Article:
Given the terms of the contract being discussed here, it's not surprising that missing in the policy is any detailed reference to mass transit by rail.

Road construction is especially commendable when it fits into a determined socio-economic programme; is in keeping with set schedules/ priorities; and is based on a proper harmonisation in respect of efficiencies/cost effectiveness of all modes of transportation, e.g. rail, roads, sea/air routes, etc.

It would be useful to understand both how the current and proposed toll roads fit into this context and the importance of loans in road construction. Twelve per cent loans for example ought to prove unaffordable and a significant multiplier of other costs. "Is that Portmore's experience?"

About 43.3 per cent [1.14 million] of Jamaica's population reside in St. Catherine/Kingston and St. Andrew; an impressive percentage work in or attend schools in the general Corporate Area. There is also a significant number of persons working or going to school in Montego Bay and its environs, drawn from points not only in St. James but also in neighbouring parishes, Hanover, Trelawny.

Reliable means of transportation needed

The recent 'toll road' issue between the Government and the Portmore citizens clearly indicates the need for a cheaper, safer, faster, reliable means of transportation between that dormitory city and the Kingston metropolitan environs. The intensity and consistency of the daily use of the Mandela Highway demonstrates that Greater Portmore and all the other dormitory towns to Kingston, stretching from Spanish Town towards May Pen, also have similar needs.

In discussing transport as a major physical infrastructure in a developing country, considerations cannot be restricted to the immediate and must include both the medium and long-term factors such as population growth, housing trends and locations, internal travel projections, changes in the economic base; future plans e.g. Will the main international airport on the south coast still be at the Palisadoes peninsular or will it be at Vernamfield or some such centralised location? If so, what will that entail?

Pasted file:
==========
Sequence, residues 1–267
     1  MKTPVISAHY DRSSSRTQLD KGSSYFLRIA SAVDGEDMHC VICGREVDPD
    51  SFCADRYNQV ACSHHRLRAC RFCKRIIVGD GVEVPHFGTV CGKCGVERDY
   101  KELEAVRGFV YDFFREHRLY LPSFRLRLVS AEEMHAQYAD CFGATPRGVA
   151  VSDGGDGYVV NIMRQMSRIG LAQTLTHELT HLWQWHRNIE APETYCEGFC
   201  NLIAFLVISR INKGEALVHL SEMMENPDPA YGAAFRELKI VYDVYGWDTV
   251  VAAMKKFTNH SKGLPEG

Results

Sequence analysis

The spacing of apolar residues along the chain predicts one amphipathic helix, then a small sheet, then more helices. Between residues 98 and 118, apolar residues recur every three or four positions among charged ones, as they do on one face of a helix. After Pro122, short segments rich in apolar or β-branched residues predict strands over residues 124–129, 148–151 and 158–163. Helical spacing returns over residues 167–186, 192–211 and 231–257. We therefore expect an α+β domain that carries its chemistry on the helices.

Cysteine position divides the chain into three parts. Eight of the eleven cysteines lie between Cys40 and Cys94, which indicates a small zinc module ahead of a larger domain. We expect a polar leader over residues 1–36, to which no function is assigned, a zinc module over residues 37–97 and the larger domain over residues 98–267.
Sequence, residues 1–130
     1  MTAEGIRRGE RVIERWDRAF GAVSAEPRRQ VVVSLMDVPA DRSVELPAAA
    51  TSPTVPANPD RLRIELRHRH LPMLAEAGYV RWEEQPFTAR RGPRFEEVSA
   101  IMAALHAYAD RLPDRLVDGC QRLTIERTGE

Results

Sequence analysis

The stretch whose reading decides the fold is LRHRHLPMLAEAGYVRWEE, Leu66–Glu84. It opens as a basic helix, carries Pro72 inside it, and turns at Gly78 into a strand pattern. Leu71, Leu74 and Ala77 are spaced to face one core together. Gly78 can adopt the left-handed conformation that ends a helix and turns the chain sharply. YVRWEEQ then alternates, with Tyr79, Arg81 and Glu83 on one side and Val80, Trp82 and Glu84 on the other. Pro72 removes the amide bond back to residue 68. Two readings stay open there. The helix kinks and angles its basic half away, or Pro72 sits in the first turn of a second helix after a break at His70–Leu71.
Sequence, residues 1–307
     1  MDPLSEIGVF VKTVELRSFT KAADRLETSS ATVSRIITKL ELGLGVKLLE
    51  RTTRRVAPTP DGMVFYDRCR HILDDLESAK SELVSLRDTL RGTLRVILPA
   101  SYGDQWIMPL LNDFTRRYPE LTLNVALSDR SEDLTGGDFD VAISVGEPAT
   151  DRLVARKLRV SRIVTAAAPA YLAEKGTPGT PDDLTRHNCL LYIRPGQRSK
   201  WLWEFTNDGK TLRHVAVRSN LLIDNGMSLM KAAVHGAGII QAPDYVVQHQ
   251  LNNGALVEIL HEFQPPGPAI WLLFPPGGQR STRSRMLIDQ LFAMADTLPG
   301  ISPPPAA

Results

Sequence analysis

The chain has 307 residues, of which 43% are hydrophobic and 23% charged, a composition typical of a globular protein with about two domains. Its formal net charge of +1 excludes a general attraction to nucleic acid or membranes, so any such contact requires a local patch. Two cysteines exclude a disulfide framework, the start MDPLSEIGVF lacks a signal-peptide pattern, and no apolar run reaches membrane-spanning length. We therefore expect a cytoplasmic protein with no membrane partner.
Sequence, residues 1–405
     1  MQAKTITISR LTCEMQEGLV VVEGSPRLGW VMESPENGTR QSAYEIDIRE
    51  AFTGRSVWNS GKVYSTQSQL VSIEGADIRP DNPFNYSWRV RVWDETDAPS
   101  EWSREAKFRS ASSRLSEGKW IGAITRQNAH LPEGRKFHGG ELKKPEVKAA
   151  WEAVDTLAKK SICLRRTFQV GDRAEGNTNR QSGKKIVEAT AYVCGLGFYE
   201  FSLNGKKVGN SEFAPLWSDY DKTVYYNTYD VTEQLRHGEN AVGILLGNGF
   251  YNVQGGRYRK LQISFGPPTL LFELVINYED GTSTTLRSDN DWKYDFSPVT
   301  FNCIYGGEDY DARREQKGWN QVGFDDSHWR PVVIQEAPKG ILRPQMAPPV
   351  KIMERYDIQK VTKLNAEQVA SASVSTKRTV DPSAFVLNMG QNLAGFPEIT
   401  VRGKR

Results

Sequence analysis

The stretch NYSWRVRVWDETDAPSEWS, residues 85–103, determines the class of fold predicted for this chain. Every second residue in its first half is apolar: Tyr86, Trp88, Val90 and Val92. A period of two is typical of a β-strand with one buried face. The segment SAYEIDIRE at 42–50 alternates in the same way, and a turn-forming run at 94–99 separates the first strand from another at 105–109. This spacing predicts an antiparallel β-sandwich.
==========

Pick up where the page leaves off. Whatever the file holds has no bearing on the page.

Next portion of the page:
In major cities around the world, the more economical, petrol efficient, safer railroad provides mass transit from rural and semi-urban areas to strategic points to and within the city, dovetailing with the more flexible bus/taxi system. A reliable mass transit rail traditionally helps to reduce the housing pressure in the city; encourages niche-driven agriculture in rural and semi-rural areas; and, enhances community development in significant ways, e.g. the benefit of resident professionals working in the city.

Fuel efficiency

We are heavily in debt and must do everything possible to ensure fuel efficiency is optimised nationally, remembering that at least 22 per cent of oil consumed in Jamaica each year is burnt up on our roads.

The railroad as a mover of freight has for decades been proven safer, more reliable, cheaper and more fuel efficient than road transport - more so now with such vast improvements in the technology. With its own rails, it also maintains contact with small towns which road travel literally 'by-passes'. The addition of a modern passenger service enhances the viability of rail transportation, reduces oil consumption while providing a consistently on-time service, safer, faster and at lower cost to the passenger.

With our railroad virtually abandoned for years and its importance to our future development, substantial funding will be required and we do not suggest using 12 per cent money. Every effort has to be made to secure soft funding, perhaps a re-consideration of the use of the PetroCaribe facility or other road construction funding.

Culture for cars

Our culture for cars at any cost has been learned over the last 30-40 years by a generation deprived of a clean, safe, reliable and well-managed mass transit service in an environment unaccustomed to accountability, transparency and discipline. The fact is that the present 'culture' is uneconomic and not in the national interest. Given the proper environment, surely Jamaicans like their relatives in the diaspora, would welcome the week days functionality and savings to be realised from using a fast, safe, clean, well-managed modern mass transit rail service! [Weekend driving ought to be more relaxing and economic while profiling.]

The more we bring thorough and responsible thinking to bear on national issues [instead of selfish pursuits], the more readily we must realise that present decisions have an impact on our future as individuals and as a nation.

Errol Hewitt is an information and communication technology planning consultant with the United Nations and the Commonwealth Secretariat.